Friday, April 25, 2014

The State Funeral for Nelson Mandela: Jacob Zuma Sings

anyone watching this must, primarily, focus on the fact that this is a political commentator who has agreed to chaperone CNN during this broadcast; and it is clear that these views are his own. Who knows whether Mandela sang this song around his dinner table with his family? He did, and that is my opinion. Secondly, the interpretation of these lyrics when sang by Mandela is "we have taken pain and suffering which was transformed into a hate - precipitated from the struggle, and we have built a country with reconciliation". There are examples of countries that have emerged without reconciliation or violence in africa, and maybe Tata focused on that too much. But this song is a totem to his accomplishments; so Jacob Zuma has done well. I, for one, am not too sure whether non-africans can understand the role of song-play in african cultures and the intuition therein conveyed, so let me try: this song could have been sung in another tone and the commentator points out that it was sung amongst gospels and at religious gatherings. the event of a religious gatherings, it must be noted, is closely associated with salvation of the individual and collective soul. maybe it would be possible for viewers to transport themselves into the mind of the funeral attendees, and sympathise with South Africans about who has been lost. We say things at funerals that should not be said but we say them anyway, as africans, and this is testament to what happened this day - we buried a man, not an idea. long live, tata madiba, long live.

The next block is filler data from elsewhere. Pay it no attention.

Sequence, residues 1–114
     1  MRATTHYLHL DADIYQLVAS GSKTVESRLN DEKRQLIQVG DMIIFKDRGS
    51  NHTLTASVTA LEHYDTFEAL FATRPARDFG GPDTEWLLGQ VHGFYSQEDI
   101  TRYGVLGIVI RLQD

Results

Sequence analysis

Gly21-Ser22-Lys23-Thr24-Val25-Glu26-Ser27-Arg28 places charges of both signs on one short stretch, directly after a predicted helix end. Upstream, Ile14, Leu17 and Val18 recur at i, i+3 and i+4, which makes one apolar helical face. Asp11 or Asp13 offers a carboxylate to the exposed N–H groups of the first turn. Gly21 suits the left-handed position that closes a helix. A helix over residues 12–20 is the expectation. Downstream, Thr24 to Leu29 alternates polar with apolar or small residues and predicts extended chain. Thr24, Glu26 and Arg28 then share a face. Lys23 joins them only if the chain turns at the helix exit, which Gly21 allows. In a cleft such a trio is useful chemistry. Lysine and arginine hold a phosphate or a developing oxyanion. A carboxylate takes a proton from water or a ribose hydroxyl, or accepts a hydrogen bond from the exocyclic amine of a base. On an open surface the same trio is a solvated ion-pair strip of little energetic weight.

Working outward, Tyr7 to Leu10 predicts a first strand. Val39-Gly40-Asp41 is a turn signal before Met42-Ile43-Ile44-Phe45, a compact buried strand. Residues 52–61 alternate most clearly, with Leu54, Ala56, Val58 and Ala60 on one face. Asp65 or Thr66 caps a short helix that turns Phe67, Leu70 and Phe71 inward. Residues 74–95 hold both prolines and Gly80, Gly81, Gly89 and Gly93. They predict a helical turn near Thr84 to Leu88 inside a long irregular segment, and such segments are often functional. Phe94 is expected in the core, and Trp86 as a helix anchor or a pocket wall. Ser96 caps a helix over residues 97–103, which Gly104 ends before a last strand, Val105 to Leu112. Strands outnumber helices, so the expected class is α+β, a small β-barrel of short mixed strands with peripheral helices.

as always, all annotation implied.

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